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DPH Warns Against Football, High-Risk Sports – Again

Annual Conard vs. Hall West Hartford Mayor’s Cup football game. Nov. 23, 2019. Photo credit: Ronni Newton (we-ha.com file photo)

‘We’re not taking part in any private football league,’ West Hartford Superintendent of Schools Tom Moore said earlier this week.

By Hugh McQuaid, CTNewsJunkie.com 

The Department of Public Health issued broad new recommendations Friday advising youth and adults against playing “high-risk” sports like football and wrestling in private or local leagues.

The new guidance makes recommendations on most sports for youth, adult, and private league play. It follows up the department’s previous recommendations on scholastic fall sports and is based on a risk assessment by the National Federation of High School Associations.

“This revision is offered given the general expectation of an increase in the number of infections across our state during the fall and winter months, the anticipation that schools and workplaces will bring individuals back together in larger numbers, that colder weather will force more activities indoors, the shift in age distribution of COVID-19 cases in CT to youth and young adults, and the persistently high level of disease transmission in most areas of the United States,” the report reads.

The announcement comes as Meriden announced plans to move forward with play under its own measures intended to manage player exposure. In recent weeks, following the cancellation of play by the Connecticut Interscholastic Athletic Conference, some coaches and parents have moved to create clubs or private leagues so that high school athletes can continue to generate video for college recruitment purposes, among other stated reasons.

The new guidance warns against playing what it considers high-risk sports in any setting other than small-group conditioning and non-contact drills. High-risk sports include wrestling, 11-on-11 football, boys lacrosse, and competitive cheer and dance.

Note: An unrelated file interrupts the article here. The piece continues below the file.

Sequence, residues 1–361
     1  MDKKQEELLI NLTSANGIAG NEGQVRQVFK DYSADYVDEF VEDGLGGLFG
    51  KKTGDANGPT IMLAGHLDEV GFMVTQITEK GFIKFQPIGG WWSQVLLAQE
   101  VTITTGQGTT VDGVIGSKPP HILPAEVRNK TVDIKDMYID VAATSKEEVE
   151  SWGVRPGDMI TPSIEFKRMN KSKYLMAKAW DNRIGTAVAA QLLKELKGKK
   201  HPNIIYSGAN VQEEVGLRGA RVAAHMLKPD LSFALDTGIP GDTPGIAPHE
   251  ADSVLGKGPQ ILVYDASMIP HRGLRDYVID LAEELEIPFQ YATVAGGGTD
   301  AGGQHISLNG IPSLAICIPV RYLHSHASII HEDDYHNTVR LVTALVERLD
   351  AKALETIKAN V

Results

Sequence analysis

These sports “involve close, sustained contact between participants, lack of significant protective barriers, and high probability that respiratory particles will be transmitted between participants,” the report said.

The recommendations note that the decision whether to play sports is ultimately up to the individual towns and sports organizations, who should evaluate the risks and inform players and parents when appropriate.

“Unfortunately, some team sports present a higher risk of transmitting COVID-19 during practice or play, and we recommend that those be either modified or postponed,” acting DPH Commissioner Deidre S. Gifford said in a statement. “We want anyone playing organized sports in Connecticut to be aware of the risks for contracting COVID-19, so everyone can make informed decisions. Our overall goal is for people to have fun and compete, keep physically active and fit, and most importantly stay safe and healthy during this pandemic.”

Other sports considered moderate risk are recommended if they are conducted outdoors or indoors where “appropriate modifications are feasible.” Those sports include basketball, volleyball, baseball, softball, soccer, water polo, gymnastics, ice hockey, field hockey, tennis, swimming relays, girls lacrosse, rowing, various track and field events, and 7-on-7 football. Modifications for indoor play include masks, social distancing, hygiene procedures and cohorting.

More solitary sports like golf, running, weightlifting, and skiing were deemed “lower risk” and are generally allowed.

Gifford said that the pandemic should not stop sports all together.

“In fact, DPH recognizes the importance of physical activity for the health and well-being of everyone during this stressful period,” she said. “We encourage children and adults to engage in lower-risk physical activities as part of a strategy to stay healthy and cope with this pandemic.”

At a press conference late Friday, Gov. Ned Lamont defended the timing of the guidance.

“I think that lent clarity in terms of how we view each and every one of those sports, and how the National High School Association views them,” he said. “I think the timing is pretty good. Sports are just getting going right now and we just got clarity from the national association. So we got it out as fast as we could.”

Republished with permission from CTNewsJunkie.com, all rights reserved.

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